6. MV Spice Islander I, Zanzibar Channel, September 20, 2011 (1,573 deaths)
Prior to its tragic 2011 sinking, the MV Spicer Islander had encountered issues. Contaminated fuel had forced the ship's return from sea a few years earlier, in 2007. The ship was not carrying any passengers at the time and was able to make its return to the shore without injury. However, in September of 2011, while sailing along the Zanzibar Archipelagos in Tanzania the boat sank. It was later revealed that the ship was operating well over capacity. Unfortunately, the majority of those aboard the ship perished.
5. Tek Sing, South China Sea, February 6, 1822 (1,600 deaths)
The Tek Sing boat was sailing between China and Indonesia when it sunk on February 6, 1822. It took 1,600 passengers down with it. The ship ran aground when the captain attempted to take a shortcut through a shallow strait. The shipwreck was discovered in 1999.
4. Sultana steamboat, USA, April 27, 1865 (1,800 deaths)
Even though the disaster on the Titanic is more well-known, the exploding Sultana steamboat, killing almost 1,800 passengers, was perhaps the greatest maritime disaster in the history of the United States. The Sultana was carrying around 2,300 newly released Union prisoners of war down the Mississippi River that the steamboat had picked up from Vicksburg, as well as a few civilian passengers and crew members. The boat, with a capacity of only about 376 passengers, was carrying around 2,700 on that fateful day. Just a couple of hours past midnight on April 27, 1865, one of the three boilers of the Sultana exploded, creating massive damage and the sinking of the steamboat and a large proportion of its passengers.
3. MV Le Joola, Senegal/Gambia, September 26, 2002 (1,863 deaths)
One of the worst shipwrecks in world history involved the Le Joola ferry. It was carrying over 2,000 passengers from Senegalese ports when it capsized 35 kilometers off the Gambian coast on September 26, 2002. With a capacity of only 550 passengers, the ferry was frightfully overloaded. It is believed that this overcrowding, along with the poor maintenance of the ferry, were responsible for its sinking, although the exact reasons for the disaster remain unknown. 1,863 souls lost their lives in this event.
2. SS Kiangya, China, December 3, 1948 (3,920 deaths)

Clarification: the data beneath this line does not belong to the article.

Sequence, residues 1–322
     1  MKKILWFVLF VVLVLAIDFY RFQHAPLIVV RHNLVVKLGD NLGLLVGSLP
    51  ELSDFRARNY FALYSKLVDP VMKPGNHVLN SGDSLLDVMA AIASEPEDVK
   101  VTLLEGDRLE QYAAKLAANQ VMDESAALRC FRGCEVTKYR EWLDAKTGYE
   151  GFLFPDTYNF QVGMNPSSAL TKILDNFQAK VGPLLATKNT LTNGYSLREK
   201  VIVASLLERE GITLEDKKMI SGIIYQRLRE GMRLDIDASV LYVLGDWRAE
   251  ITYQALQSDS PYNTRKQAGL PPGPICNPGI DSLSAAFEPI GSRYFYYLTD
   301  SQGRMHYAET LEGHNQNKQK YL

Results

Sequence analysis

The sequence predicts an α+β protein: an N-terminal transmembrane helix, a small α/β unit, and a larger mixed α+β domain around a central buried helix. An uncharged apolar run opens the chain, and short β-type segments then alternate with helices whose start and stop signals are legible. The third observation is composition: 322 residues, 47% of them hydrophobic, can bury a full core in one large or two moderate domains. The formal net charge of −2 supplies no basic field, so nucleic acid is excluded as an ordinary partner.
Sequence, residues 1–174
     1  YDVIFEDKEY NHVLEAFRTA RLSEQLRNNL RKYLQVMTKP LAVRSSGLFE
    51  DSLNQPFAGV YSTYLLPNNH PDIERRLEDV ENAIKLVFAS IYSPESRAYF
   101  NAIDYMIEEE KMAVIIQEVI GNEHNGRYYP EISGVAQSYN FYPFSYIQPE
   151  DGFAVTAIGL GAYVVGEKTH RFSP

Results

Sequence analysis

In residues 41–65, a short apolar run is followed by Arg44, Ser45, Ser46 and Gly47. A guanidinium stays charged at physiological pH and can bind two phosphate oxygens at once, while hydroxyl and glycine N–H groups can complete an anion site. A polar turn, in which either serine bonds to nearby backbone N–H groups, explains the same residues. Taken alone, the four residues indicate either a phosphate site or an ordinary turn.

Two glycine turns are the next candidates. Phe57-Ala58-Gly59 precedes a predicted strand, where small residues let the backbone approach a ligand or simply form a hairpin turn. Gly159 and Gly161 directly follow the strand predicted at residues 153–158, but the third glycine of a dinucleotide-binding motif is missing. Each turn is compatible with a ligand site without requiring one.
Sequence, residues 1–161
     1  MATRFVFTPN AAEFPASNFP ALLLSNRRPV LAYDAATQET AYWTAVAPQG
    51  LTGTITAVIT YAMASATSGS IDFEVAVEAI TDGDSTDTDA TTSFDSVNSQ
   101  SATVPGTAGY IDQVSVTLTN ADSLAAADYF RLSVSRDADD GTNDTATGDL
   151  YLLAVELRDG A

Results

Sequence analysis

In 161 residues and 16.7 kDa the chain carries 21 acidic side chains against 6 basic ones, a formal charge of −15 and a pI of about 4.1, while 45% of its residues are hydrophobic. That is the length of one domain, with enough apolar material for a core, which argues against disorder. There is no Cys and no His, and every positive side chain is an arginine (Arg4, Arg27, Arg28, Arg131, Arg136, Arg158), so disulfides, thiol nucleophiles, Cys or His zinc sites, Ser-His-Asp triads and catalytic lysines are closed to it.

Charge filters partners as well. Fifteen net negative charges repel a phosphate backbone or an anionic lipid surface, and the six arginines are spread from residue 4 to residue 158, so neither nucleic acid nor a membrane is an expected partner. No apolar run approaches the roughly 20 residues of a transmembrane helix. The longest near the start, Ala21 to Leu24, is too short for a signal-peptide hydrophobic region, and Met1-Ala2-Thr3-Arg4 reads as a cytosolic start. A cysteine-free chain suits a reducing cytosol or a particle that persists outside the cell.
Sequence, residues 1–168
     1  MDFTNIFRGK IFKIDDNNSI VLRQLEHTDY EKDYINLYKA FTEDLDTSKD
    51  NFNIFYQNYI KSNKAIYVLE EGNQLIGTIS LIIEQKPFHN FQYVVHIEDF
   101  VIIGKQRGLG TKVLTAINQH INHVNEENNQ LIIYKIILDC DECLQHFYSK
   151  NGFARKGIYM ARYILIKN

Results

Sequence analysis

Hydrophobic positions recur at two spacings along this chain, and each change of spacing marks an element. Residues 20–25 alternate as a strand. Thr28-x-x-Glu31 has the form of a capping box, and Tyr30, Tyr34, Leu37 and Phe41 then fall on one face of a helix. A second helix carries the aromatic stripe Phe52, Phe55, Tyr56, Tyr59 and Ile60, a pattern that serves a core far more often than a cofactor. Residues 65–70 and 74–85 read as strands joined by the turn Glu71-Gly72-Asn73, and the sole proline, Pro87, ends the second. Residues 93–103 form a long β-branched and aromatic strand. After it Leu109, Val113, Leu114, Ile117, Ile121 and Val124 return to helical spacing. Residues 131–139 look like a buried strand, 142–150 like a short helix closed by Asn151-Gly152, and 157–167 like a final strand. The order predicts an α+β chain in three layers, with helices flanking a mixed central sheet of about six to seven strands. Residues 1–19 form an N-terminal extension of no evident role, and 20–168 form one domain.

The SS Kiangya, a Chinese passenger steamship, was destroyed on December 3, 1948 while travelling from Shanghai’s Shiliupu Dock towards Ningpo. This resulted from an explosion as the ship moved towards the mouth of the Huangpu River. The ship was carrying more than double its capacity of about 1,186 passengers, with most of these being refugees fleeing the expanding Communist regime taking over mainland China. A mine that had been implanted by the Imperial Japanese Navy during World War II was the most probable cause for the explosion that sank the SS Kiangya. Around 3,920 passengers died in the shipwreck, with only around 700 survivors who were rescued by other vessels living to tell about it.
1. Doña Paz ferry, Philippines, December 20, 1987 (4,400 deaths)
The deadliest civilian maritime disaster in the history of the world took place on December 20, 1987. This tragic event involved a passenger ferry from the Philippines, the MV Doña Paz, which collided with the oil tanker MT Vector in the Tablas Strait, about 180 kilometers south of Manila. The ferry was overpacked with passengers eager to reach their destinations just before the Christmas holidays began. Though the seas were calm and visibility was clear, a lack of competency of the crew on both of the ships is though to have led to this disaster. While the Vector was travelling without a lookout, the Doña Paz itself had a dearth of senior officers on its lookout bridge, and both ships also were lacking a functional radio. As soon as the ships collided, the 8,800 barrels of oil and gasoline carried by the Vector ignited, engulfing both the Vector and the MV Doña Paz in its killer flames and smoke. Almost no one survived on either of the ships, with the disaster claiming an estimated 4,400 lives.